In the world of thorough compartmentalization dictated by industrialized division of labour in which humanity find itself having lost the sense of purpose and identity, Gandhi showed a holistic way that leads us into experiencing life in its fullness.
Gandhiji got this holistic perspective from the realization of Truth as God, which is eternal, an all encompassing reality. ‘Being part of the whole’, he acknowledged, ‘I too am a part of the Truth’. In the epistemological sense it reflects the wisdom of Upanishad ‘Aham Brahmasmi’.
Functionally, his pursuit of Truth could be termed as an advaita (non-dualistic) practice. He saw a singular Truth in umpteen facets of life. Ekam Sat vipra Bahudha vadanti. For him, each of his efforts was some part of the truth or his endless quest for it. Even the means of his striving, nonviolence, according to him, was a form of Truth. Truth is God and Nonviolence the religion, he explained. Johan Galtung put it as ‘the way is the goal’.
This led him into a unique experience of an inclusive method, a comprehensive approach to life. He saw oneness in all and everything. That is how he could declare “I have no enemy” even while fighting against British imperialism. He then clarified, ‘my fight is against the wrong and not the wrong doer who is my brother’.
This perspective of endearing oneness is evident in all his endeavors right from his early years.
Be it his colleagues in South Africa, men and women from wide range of persuasions: Muslims, Parsis, Christians, Jews, north Indians and South Indians in equal measure; or his fellow satyagrahis as diverse as the mighty Pathans from the north-west frontier and the meekly peasants of Bihar; or is readiness to induct into his domestic fold Dalits and Leprosy Patients with equal elan, or his prayers that integrated the spirit of all religions, he led humans into a new social reality.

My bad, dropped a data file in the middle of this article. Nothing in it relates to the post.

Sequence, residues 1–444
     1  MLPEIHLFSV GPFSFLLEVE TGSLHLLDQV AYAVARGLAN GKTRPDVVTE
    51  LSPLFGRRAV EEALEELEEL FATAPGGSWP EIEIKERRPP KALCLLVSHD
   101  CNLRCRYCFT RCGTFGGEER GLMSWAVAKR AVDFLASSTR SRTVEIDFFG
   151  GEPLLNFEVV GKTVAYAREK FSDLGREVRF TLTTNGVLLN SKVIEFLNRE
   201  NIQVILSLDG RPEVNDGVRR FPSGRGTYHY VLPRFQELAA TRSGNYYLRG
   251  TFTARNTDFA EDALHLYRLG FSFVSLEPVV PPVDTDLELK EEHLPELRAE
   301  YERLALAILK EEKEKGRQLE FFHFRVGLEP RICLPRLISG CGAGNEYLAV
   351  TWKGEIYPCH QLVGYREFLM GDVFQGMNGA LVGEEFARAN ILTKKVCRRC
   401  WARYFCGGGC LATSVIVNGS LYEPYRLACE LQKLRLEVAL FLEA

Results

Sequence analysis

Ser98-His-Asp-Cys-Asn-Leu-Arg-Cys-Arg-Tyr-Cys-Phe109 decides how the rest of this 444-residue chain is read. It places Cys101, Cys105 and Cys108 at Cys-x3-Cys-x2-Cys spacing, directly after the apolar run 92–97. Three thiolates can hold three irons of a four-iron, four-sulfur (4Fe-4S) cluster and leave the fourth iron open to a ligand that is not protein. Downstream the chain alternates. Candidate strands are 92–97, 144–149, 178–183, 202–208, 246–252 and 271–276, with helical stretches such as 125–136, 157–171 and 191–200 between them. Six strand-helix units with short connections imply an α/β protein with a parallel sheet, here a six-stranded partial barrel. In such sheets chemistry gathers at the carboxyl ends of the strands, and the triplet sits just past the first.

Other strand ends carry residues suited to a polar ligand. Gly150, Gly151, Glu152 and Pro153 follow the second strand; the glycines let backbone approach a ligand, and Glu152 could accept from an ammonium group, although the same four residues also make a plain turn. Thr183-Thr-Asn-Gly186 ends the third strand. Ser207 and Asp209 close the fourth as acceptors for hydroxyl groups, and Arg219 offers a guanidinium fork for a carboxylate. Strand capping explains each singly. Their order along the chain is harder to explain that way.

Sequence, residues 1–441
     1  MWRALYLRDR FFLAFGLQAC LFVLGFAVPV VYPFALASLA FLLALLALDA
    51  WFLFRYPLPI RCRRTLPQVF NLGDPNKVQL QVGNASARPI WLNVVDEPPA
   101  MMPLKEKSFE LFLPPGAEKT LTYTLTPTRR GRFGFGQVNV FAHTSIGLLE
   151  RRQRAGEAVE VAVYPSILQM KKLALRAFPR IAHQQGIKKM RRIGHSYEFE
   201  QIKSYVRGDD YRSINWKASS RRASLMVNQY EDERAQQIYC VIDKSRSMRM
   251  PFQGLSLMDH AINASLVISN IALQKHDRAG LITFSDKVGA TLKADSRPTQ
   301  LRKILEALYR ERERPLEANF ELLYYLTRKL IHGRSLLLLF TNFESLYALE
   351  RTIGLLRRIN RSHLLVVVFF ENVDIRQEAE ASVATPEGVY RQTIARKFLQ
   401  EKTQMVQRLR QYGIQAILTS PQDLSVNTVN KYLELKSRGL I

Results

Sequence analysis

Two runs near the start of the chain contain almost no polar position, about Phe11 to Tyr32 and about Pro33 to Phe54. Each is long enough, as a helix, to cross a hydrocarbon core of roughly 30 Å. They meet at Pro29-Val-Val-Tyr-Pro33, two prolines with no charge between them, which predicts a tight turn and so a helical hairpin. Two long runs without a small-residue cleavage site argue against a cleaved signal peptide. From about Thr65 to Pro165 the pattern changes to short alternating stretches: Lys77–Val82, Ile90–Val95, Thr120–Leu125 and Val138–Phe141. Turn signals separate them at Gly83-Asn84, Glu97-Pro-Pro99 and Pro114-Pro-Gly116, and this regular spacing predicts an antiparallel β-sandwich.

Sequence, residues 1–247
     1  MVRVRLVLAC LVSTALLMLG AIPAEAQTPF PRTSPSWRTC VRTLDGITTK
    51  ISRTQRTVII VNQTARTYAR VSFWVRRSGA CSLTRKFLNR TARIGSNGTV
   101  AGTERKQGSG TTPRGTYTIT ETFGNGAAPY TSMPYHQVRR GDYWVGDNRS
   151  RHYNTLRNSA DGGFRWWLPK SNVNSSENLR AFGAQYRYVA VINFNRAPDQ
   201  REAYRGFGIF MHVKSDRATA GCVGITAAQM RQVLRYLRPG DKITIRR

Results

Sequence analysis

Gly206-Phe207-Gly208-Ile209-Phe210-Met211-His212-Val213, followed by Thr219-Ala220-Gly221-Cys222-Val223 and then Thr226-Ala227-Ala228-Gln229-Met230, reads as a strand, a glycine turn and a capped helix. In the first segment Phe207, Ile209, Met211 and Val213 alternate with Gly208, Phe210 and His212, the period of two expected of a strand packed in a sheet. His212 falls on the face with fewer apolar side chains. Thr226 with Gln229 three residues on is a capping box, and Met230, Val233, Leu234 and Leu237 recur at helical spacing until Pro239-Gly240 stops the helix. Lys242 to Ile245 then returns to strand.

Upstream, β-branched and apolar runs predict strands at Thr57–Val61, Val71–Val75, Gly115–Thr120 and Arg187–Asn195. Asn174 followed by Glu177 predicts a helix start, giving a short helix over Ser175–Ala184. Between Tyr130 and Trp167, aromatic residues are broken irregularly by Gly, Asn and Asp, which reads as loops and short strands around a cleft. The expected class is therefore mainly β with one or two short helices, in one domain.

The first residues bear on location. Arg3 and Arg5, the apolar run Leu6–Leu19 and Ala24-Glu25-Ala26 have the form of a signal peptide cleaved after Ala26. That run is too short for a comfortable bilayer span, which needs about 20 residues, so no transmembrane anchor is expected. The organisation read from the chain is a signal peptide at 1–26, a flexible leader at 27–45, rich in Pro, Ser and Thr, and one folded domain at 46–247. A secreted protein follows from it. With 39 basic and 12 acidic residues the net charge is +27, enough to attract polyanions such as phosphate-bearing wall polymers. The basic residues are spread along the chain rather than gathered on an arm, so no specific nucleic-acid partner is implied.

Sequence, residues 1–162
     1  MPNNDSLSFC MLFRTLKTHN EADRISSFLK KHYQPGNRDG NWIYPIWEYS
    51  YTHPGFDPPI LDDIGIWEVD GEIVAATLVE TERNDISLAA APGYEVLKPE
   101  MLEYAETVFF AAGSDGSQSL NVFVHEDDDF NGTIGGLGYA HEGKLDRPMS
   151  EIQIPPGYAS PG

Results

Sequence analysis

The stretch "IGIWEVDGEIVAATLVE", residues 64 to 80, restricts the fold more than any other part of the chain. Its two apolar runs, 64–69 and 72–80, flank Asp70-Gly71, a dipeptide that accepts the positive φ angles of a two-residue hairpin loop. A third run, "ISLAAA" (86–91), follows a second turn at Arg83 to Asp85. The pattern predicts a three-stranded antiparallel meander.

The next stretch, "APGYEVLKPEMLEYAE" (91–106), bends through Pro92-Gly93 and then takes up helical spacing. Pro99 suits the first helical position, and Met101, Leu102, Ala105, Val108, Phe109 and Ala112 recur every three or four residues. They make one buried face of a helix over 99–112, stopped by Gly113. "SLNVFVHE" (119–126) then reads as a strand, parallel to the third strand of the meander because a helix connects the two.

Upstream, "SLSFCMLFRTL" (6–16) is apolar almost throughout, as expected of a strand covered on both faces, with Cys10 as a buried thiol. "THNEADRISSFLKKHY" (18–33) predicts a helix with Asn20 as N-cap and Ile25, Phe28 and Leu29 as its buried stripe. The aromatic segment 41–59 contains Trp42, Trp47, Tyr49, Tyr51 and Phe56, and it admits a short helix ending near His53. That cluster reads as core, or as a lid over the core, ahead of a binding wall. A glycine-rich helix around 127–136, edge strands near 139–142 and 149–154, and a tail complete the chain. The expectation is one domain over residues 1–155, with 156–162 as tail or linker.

His non-dualistic vision helped him lay the conceptual foundation for a new nation. He interpreted ‘Purna Swaraj’ which originally meant as ‘complete freedom from the bonds of the British’,into a principle of liberation from all evils – of both what are within individual – value decay and lack of social sensibility, and between individuals – socio, economic political injustice and inequalities. His 18 constructive programs represent as many facets of liberation: freedom from alcoholism, communal enmity, poverty, sanitation problem, gender inequality so on.
Ideologically he harmonized Satya and Ahimsa as two sides of a coin; and functionally Satyagraha (struggle against the imperial power) and Constructive interventions (building a society of empowered masses) as two wings of a flight to freedom.
Civilization would however remember Gandhi for the all encompassing way of living he professed for the divided world. The guiding spirit is Truth. That enabled him to cultivate within him a triune dexterity called harmony between word, thought and deed; head heart and hand; and between ‘oneself, fellow beings and God.